Friday, July 15, 2005

Social statements?

There was a time when a shaved head was often construed as a socio-political statement. It might represent your detachment from the material world (a la Buddhism), it might represent anger and violence (neonazi skinheads), or it might represent something else. That time seems past, as the shaved head has moved into the mainstream and become a fashionable hairstyle.

Not everyone feels that way. Andrew Calcutt of Spiked Culture thinks that shaved heads are a part of something he calls ultimatism. As he describes it, ultimatism is "going all the way all the time, taking what we look like to the nth degree, and not only on exceptional occasions."
If you can only see yourself as a forceful individual if you shave your head like a stormtrooper, it means you cannot really see yourself as a strong character. Lack of self-conviction is then compounded by the patent superficiality of the references being made: of course, I'm not really a stormtrooper; only joking; only me. Today the sight of so many shaven heads bobbing up and down in the tidal wave of commuters coming over London Bridge into the City of London each morning, suggests that the masturbatory mix of frustrated desire and self-mockery which expressed itself in the New Laddism of a decade ago, has now spread to the post-lads and dads among the wider population.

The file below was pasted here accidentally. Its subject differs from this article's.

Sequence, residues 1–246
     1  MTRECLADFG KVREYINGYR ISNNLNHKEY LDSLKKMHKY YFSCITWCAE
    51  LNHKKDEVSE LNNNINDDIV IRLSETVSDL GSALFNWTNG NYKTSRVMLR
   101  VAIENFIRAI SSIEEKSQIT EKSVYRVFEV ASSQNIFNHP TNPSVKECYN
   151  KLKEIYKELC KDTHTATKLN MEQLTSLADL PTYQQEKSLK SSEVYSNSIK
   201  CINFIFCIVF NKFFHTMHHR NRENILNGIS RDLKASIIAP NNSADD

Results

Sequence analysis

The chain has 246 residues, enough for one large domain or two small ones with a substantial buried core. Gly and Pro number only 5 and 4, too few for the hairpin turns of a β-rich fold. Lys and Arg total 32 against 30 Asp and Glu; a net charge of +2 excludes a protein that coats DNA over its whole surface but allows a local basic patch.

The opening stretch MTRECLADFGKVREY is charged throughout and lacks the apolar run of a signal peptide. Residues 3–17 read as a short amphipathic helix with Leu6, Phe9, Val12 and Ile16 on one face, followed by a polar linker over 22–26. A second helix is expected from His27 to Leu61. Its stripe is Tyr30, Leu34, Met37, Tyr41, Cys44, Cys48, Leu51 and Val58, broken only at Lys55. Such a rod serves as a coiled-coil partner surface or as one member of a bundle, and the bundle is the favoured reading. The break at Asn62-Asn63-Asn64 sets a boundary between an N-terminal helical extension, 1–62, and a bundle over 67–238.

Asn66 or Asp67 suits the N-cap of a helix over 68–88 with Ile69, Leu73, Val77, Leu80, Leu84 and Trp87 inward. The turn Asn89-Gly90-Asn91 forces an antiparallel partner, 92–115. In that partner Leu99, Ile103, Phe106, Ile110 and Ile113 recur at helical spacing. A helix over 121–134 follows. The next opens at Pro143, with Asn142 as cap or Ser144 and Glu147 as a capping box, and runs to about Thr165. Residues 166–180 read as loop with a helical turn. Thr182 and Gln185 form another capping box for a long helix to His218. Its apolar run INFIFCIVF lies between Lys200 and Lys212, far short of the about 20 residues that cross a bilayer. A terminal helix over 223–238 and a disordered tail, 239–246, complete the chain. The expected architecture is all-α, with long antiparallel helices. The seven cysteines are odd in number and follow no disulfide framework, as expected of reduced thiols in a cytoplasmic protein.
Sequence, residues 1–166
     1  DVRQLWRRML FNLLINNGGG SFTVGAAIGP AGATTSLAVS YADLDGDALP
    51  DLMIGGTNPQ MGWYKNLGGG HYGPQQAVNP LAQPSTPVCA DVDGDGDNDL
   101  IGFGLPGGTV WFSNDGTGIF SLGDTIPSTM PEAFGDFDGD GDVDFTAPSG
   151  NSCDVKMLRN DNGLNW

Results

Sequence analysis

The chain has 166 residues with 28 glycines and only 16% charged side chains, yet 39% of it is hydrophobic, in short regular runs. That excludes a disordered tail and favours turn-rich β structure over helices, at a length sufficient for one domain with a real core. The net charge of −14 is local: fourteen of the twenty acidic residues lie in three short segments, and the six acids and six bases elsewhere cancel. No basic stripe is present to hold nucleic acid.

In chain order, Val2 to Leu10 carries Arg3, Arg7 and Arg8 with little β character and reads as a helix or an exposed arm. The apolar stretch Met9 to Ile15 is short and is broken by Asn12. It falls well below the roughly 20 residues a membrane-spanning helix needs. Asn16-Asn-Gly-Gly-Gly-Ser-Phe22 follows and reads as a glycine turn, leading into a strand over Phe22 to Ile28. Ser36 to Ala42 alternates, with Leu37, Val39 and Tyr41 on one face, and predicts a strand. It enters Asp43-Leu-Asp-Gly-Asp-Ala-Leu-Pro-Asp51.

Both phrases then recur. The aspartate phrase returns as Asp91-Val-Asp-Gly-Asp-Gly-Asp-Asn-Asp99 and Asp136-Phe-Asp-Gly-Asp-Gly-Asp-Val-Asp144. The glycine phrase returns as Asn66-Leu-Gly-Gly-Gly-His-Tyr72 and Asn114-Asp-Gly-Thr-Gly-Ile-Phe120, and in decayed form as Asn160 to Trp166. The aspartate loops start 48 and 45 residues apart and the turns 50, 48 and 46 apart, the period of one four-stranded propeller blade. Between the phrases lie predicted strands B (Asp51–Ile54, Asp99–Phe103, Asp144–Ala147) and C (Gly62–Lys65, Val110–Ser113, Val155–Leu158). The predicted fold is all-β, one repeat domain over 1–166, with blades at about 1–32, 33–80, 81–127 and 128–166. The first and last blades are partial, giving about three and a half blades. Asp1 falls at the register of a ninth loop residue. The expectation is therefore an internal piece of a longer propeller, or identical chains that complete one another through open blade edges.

Along with self-mockery, Calcutt thinks that "ultimatism" also represents contempt for others. All in all, a very negative view.

I've certainly never noticed the attitudes he ascribes to "ultimatists" in the people I know who shave their heads, either in person or online. At least, not on any serious scale. I'm sure there are people who have those ideas in mind when they go bald-by-choice, but I'm not sure it's at all common. It screams of over-generalization.

Maybe it makes more sense if you're British?

No comments: